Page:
Clothes are displayed in the Nike store in Santa Monica, California.
Photograph by Lucy Nicholson — Reuters
By John Kell
May 11, 2016

Nike made a bold vow last year: generate $50 billion in annual sales by 2020, a target that would suggest the world’s largest athletic gear maker would need to expand sales by about 10% each year.

Today, it is setting a slew of new targets: achieve that growth as sustainably as possible.

Nike (nke) issued a new annual sustainability report that highlights past achievements but also sets new long-term targets. CEO Mark Parker noted that since 2008, Nike’s revenue has soared 64% but it has limited absolute emissions to only 20% growth across manufacturing, logistics and Nike-owned facilities. That means Nike was able to decrease carbon emissions by 19% on a per-unit basis.

Parker also highlighted the use of recycled materials that are being used in 71% of Nike footwear and apparel products, in everything from yarns to basketball shoes.

“We have embraced sustainable innovation as a powerful engine for growth and a catalyst for change,” Parker said in an opening letter of the report.

Here are some of the new targets Nike set:

  • Zero waste from contracted footwear manufacturing sent to landfills by fiscal year 2020.
  • Source 100% of products from contract factories that met the company’s definition of “sustainable.” It is important to note that each company defines that term differently.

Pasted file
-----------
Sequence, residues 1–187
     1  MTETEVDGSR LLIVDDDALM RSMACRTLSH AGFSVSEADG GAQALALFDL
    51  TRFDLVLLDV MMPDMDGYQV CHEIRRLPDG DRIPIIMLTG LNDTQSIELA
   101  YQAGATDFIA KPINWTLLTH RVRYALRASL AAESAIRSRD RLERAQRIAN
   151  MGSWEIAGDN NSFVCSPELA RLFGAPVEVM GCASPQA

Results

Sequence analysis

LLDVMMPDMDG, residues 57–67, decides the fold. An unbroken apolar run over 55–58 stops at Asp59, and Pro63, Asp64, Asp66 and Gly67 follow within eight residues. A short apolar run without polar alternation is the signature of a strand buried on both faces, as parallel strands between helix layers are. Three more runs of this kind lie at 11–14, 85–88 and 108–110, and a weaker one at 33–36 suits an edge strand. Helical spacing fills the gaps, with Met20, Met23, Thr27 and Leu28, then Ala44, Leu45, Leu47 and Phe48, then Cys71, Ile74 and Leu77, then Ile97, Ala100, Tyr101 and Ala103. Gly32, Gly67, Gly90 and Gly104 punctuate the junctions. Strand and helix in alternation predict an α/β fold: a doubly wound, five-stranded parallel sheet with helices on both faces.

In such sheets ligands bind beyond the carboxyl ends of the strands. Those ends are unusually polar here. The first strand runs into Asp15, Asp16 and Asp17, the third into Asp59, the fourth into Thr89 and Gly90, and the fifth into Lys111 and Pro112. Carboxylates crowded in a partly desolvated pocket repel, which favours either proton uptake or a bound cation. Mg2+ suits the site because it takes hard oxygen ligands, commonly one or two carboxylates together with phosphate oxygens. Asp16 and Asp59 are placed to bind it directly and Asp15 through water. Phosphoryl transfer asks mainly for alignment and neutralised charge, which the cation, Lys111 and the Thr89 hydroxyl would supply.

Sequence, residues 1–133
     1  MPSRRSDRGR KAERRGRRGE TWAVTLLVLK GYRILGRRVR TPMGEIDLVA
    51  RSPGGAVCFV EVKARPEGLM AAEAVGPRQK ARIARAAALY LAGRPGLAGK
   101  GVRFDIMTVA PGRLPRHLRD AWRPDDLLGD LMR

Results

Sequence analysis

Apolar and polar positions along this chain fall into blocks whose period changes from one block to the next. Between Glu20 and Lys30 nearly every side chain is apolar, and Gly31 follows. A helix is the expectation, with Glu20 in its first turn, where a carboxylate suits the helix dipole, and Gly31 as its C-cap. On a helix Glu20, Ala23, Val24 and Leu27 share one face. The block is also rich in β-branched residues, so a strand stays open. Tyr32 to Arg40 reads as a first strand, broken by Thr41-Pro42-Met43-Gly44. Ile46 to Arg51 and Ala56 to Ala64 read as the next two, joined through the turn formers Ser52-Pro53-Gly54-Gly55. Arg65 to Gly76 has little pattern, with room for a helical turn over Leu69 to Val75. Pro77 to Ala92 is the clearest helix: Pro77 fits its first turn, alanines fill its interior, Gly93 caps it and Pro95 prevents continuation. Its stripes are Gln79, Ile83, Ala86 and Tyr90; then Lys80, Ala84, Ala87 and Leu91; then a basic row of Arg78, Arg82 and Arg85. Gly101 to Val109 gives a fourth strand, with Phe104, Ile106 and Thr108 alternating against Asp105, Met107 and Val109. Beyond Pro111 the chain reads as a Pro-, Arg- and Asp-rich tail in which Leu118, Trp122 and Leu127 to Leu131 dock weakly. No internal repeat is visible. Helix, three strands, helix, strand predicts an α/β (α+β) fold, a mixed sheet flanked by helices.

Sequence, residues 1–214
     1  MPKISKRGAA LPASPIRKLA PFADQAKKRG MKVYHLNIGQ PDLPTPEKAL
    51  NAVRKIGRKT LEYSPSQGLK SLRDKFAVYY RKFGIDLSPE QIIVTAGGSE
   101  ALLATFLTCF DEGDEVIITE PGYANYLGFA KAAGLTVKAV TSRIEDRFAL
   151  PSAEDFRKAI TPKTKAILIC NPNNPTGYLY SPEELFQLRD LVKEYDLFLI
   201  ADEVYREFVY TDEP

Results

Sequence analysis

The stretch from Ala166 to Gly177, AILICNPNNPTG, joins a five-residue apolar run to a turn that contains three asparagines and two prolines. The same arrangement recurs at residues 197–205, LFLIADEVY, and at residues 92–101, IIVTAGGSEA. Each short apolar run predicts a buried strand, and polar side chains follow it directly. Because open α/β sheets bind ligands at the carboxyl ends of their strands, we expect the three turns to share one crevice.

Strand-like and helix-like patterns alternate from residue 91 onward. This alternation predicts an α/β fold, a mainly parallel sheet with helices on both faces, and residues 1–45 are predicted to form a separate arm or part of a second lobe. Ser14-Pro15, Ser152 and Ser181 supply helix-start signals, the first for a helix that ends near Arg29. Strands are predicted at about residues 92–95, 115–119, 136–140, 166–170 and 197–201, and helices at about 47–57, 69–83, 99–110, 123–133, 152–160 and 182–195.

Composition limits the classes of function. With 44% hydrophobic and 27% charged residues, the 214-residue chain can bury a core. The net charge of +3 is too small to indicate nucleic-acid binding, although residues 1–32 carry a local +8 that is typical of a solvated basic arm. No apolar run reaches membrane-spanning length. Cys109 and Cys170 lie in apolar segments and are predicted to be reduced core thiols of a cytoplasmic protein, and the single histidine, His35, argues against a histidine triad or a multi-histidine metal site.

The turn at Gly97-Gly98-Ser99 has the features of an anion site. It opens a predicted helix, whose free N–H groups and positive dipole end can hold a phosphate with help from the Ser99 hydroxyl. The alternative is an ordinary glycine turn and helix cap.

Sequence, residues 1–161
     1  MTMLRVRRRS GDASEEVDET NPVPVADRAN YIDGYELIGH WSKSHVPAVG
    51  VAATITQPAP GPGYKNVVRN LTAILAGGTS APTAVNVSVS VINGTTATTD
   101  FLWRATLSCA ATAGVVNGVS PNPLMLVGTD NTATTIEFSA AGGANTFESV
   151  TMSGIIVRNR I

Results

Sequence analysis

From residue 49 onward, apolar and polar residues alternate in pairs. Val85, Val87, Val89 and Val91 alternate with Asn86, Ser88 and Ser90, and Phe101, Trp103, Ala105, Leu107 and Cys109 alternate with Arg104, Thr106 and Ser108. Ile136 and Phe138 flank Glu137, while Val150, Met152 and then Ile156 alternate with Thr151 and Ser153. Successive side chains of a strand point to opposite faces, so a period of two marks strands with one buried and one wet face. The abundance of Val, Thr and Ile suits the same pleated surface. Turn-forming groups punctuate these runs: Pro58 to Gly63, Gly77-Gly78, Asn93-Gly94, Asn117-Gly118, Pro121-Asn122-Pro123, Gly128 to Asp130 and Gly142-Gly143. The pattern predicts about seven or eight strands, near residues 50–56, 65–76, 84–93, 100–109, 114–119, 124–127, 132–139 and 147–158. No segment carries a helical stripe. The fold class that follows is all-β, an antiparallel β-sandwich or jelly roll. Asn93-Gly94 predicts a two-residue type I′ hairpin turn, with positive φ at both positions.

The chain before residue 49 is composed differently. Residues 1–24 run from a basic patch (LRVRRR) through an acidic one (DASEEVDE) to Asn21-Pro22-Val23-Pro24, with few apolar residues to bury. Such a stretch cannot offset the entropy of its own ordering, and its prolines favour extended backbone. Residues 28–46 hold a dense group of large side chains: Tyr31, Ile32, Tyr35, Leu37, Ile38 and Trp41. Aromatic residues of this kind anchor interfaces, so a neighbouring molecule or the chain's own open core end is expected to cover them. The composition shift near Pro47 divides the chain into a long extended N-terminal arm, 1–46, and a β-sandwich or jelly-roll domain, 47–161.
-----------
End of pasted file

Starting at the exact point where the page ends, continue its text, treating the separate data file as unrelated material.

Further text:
• By the end of fiscal year 2025, achieve 100% usage of renewable energy at Nike-owned and operated facilities. That could include solar, geothermal or wind energy, though it will vary greatly by location depending on what’s most efficient.

Hannah Jones, Nike’s chief sustainability officer, told Fortune that the company looks at sustainability as a way to unlock greater performance from its gear by thinking about manufacturing and design differently.

“This isn’t a sustainability report as much as it is a growth and innovation report,” Jones said. “We see sustainable innovation as a powerful engine for growth.”

An example of this thought would be Nike’s Flyknit innovation, which debuted around the 2012 Summer Olympics. Flyknit – now a $1 billion business for Nike – reduced waste because it features a one-piece upper in the shoe that doesn’t require multiple material cuts that are typically used to build a sports shoe.

Because the Flyknit essentially completely eliminates waste, that technology has reduced Nike’s environmental footprint by some 3.5 million pounds of waste, Jones said.

“Waste is money, waste is time and waste is sustainability,” Jones said. When it comes to the targets Nike set in 2020, she adds that Nike’s team tries to think about future innovations through the lens of “How do we turn waste into an asset?”

SPONSORED FINANCIAL CONTENT

You May Like

EDIT POST